Jere Douglas, award winning clarinetist and clinician, began his musical career on the piano at the tender age of 5 years old studying in the Berl Olswanger Studios in Memphis, Tennessee. He continued his musical growth in the junior and chancel choirs of Second Presbyterian Church in Memphis along with picking up the Clarinet in the 9th grade at Milan High School working under the tutelage of Mr. Robert Hodge. From these beginnings in classical and jazz, Jere has performed with the Germantown Symphony, Memphis Symphony, in musicals on Broadway and in London, with Ray Charles, Bette Midler, Barry Manilow, Joyce Cobb, Count Basie, Doobie Brothers, and is a well recognized session and pit musician. Jere is a freelance musician and has played in many of the major and minor symphonies as a fill in. As a clinician, Jere has taught around the US, including through the Mid-America Arts Alliance, TMEA, NAMTA and various regional and state organizations. He has performed as guest soloist with ensembles in Japan, England, Australia, Korea, Thailand, China, Germany, and as Artist in Residence at “The Clearing” Sister Bay, Wisconsin, Woodwind Specialist Arkansas Repertory Theatre.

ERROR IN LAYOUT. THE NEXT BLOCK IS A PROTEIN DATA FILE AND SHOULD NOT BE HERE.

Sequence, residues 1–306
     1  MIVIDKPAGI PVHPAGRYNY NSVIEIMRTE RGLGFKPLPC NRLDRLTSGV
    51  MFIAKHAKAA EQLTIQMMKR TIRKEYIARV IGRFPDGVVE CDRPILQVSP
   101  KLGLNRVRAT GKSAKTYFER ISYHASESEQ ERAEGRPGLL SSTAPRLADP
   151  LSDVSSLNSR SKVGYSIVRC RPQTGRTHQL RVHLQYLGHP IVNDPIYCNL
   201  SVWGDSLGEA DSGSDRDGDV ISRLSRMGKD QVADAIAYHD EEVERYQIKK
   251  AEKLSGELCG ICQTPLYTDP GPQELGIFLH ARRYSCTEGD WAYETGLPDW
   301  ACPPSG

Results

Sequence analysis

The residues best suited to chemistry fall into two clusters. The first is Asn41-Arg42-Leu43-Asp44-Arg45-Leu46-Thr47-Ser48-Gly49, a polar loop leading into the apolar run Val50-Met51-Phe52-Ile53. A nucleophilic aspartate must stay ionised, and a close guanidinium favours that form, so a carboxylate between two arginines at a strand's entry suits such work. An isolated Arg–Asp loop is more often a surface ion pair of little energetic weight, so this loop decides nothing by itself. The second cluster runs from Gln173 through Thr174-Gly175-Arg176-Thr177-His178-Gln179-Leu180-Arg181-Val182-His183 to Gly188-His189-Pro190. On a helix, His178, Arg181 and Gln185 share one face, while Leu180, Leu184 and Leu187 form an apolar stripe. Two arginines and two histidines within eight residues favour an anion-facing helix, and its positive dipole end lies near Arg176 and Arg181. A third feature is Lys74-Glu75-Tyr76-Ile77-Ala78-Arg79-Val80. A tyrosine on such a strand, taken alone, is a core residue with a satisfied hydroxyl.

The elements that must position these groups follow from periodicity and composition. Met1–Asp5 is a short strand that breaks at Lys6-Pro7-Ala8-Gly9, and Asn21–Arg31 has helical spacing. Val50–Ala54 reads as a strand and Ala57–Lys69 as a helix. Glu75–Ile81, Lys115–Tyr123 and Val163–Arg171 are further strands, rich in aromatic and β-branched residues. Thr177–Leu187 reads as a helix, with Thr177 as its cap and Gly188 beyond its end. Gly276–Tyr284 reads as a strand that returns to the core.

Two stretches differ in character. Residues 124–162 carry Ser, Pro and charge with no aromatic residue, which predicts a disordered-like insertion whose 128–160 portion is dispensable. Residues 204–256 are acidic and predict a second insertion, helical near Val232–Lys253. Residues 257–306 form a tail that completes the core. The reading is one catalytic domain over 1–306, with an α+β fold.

Jere is a sensitive performer with a unique edge to interpretations of works from Baroque to New Age, a specialist in new compositions and techniques looking to expand the repertoire for the clarinet though various ensemble mixtures and rhythmic complexities. His boundless energy is focused on commissioning works by new composers. His performances are inspiring and completely encompassing, taking audiences to a higher level of experience. Jere comes across the footlights with powerful musical statements that are inspiring to many.
Jere is an ardent supporter of personal growth and education and shares his life experiences through private coaching with students from around the world. He is also involved in various charitable organizations promoting health and wellbeing. An avid cook, reader, and civic organizer, Jere is a consummate well-rounded person.
“Pick your personal mentors and teachers with great care, and with the emphasis on your personal career, not the world of academia,” exhorts Jere. “Make your own way, even if it means stepping outside the box. I actually created my own course of study, much to the chagrin of others. I have ended with the appropriate credentials that look nice on a wall– but the substance behind the paperwork is truly what’s important to me.”